Humans have lived on the island since before 6500 BC. Gaelic cultural influence began in the 5th century AD, and the Manx language, a branch of the Goidelic languages, emerged. In 627, King Edwin of Northumbria conquered the Isle of Man along with most of Mercia. In the 9th century, Norsemen established the thalassocratic Kingdom of the Isles, which included the Isle of Man. Magnus III, King of Norway from 1093 to 1103, reigned as King of Mann and the Isles between 1099 and 1103.

In 1266, the island became part of Scotland under the Treaty of Perth, after being ruled by Norway. After a period of alternating rule by the kings of Scotland and England, the island came under the feudal lordship of the English Crown in 1399. The lordship revested in the British Crown in 1765, but the island did not become part of the 18th-century kingdom of Great Britain, nor of its successors, the United Kingdom of Great Britain and Ireland and the present-day United Kingdom of Great Britain and Northern Ireland. It has always retained its internal self-government.

In 1881, the Isle of Man parliament, Tynwald, became the first national legislative body in the world to give women the right to vote in a general election, although this excluded married women. In 2016, UNESCO awarded the Isle of Man biosphere reserve status.

Insurance and online gambling each generate 17% of the GNP, followed by information and communications technology and banking with 9% each. Internationally, the Isle of Man is known for the TT motorcycle races, and the Manx cat, a breed with short or no tails. The Manx are a Celtic nation.

In Manx mythology, the island was ruled by the sea god Manannán, who would draw his misty cloak around the island to protect it from invaders. One of the principal folk theories about the origin of the name Mann is that it is named after Manannán.

In the Manx tradition of folklore, there are many stories of mythical creatures and characters. These include the Buggane, a malevolent spirit which, according to legend, blew the roof off St Trinian's Church in a fit of rage; the Fenodyree; the Glashtyn; and the Moddey Dhoo, a ghostly black dog which wandered the walls and corridors of Peel Castle.

The Isle of Man is also said to be home to fairies, known locally as "the little folk" or "themselves". There is a famous Fairy Bridge, and it is said to be bad luck if one fails to wish the fairies good morning or afternoon when passing over it. It used to be a tradition to leave a coin on the bridge to ensure good luck. Other types of fairies are the Mi'raj and the Arkan Sonney.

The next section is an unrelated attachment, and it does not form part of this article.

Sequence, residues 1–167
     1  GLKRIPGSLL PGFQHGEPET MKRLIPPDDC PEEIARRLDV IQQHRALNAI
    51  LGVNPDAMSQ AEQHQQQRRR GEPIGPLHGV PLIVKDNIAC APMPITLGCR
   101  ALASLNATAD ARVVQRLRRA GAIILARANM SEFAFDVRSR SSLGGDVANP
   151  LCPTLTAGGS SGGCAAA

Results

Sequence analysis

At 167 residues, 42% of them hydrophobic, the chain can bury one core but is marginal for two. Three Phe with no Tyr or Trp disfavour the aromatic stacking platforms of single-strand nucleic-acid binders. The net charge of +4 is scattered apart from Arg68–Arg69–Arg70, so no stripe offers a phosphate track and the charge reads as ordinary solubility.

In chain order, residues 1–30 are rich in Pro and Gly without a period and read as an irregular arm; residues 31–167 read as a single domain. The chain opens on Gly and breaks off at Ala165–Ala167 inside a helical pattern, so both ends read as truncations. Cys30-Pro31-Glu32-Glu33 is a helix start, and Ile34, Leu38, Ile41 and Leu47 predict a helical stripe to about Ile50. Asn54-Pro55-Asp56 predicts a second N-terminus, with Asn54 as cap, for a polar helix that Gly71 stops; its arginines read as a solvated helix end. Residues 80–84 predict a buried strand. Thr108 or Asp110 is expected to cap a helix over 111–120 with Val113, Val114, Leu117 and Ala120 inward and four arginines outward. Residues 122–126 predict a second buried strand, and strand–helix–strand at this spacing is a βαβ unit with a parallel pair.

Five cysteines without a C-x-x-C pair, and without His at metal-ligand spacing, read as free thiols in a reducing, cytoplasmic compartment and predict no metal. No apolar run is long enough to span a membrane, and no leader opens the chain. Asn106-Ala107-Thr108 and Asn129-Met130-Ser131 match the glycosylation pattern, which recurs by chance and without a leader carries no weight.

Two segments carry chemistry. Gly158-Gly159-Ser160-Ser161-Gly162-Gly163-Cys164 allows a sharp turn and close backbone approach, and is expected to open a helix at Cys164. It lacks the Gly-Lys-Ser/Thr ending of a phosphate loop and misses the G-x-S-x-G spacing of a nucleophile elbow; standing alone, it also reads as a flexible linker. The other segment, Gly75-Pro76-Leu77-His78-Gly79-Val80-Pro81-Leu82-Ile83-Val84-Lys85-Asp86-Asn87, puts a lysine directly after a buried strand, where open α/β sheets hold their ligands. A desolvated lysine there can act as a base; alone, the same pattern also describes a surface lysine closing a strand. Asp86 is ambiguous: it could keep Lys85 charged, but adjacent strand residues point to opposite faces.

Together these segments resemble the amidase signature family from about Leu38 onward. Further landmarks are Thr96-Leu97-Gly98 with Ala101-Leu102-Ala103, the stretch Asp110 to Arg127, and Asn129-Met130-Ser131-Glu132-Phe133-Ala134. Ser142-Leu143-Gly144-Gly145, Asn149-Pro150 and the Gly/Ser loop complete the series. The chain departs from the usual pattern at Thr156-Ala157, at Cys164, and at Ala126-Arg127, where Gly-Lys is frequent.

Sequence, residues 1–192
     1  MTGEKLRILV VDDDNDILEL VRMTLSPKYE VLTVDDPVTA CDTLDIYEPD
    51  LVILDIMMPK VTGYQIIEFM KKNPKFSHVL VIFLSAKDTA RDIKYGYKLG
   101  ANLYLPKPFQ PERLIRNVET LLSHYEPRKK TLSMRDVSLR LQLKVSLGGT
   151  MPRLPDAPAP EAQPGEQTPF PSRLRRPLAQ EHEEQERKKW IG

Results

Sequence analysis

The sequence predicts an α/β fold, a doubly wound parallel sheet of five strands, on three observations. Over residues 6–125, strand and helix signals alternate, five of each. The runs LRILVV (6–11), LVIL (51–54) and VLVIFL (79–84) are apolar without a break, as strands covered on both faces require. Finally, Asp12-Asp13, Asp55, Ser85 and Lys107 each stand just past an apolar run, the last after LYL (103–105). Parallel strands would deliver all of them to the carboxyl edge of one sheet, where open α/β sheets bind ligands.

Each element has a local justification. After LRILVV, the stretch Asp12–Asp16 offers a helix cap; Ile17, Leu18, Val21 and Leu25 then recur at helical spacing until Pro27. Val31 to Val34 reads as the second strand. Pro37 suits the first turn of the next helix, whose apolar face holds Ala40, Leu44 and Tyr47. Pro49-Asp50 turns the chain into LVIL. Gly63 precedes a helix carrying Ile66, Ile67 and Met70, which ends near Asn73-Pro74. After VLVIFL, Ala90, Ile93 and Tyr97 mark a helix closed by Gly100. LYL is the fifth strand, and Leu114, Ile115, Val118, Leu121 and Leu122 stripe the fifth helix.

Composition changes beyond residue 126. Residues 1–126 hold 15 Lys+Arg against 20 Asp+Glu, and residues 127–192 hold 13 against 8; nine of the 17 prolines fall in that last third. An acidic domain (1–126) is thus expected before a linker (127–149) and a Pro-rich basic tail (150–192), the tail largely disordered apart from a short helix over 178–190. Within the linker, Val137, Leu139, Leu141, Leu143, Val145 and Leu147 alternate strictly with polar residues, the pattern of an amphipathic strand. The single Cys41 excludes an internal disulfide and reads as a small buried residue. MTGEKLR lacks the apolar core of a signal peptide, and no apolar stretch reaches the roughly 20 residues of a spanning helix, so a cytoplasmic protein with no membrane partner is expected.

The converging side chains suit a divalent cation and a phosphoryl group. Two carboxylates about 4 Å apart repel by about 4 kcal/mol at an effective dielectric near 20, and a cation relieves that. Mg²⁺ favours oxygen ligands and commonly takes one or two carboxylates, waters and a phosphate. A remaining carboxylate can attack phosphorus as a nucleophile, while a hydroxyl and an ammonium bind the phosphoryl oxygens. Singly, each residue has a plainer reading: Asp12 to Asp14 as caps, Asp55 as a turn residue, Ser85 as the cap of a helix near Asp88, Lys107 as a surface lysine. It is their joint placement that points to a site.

An old Irish story tells how Lough Neagh was formed when Ireland's legendary giant Fionn mac Cumhaill (commonly anglicised to Finn McCool) ripped up a portion of the land and tossed it at a Scottish rival. He missed, and the chunk of earth landed in the Irish Sea, thus creating the island.

Peel Castle has been proposed as a possible location of the Arthurian Avalon or as the location of the Grail Castle, site of Lancelot's encounter with the sword bridge of King Maleagant.

The music of the Isle of Man reflects Celtic, Norse and other influences, including from its neighbours, Scotland, Ireland, England and Wales. A wide range of music is performed on the island, such as rock, blues, jazz and pop.

Its traditional folk music has undergone a revival since the 1970s, starting with a music festival called Yn Chruinnaght in Ramsey. This was part of a general revival of the Manx language and culture after the death of the last native speaker of Manx in 1974.

The Isle of Man was mentioned in the Who song "Happy Jack" as the homeland of the song's titular character, who is always in a state of ecstasy, no matter what happens to him. The song 'The Craic was 90 in the Isle of Man' by Christy Moore describes a lively visit during the Island's tourism heyday. The Island is also the birthplace of Maurice, Robin and Barry Gibb, of the Bee Gees.

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Customer Reviews

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Andrew S
I'm a casual/novice coin collector. I orde...

I'm a casual/novice coin collector. I ordered 21 coins from Elemintal, based on places I've traveled and themes I thought were interesting. They arrived quickly and safely. Each coin was in an individual plastic sleeve, and they were protected by cardstock in a padded envelope. This coin was in very nice condition, especially given the stamped date of 1979. I don't know if a serious collector would call it 'mint' condition, but I can't see any visible scratches or tarnish. Thank you!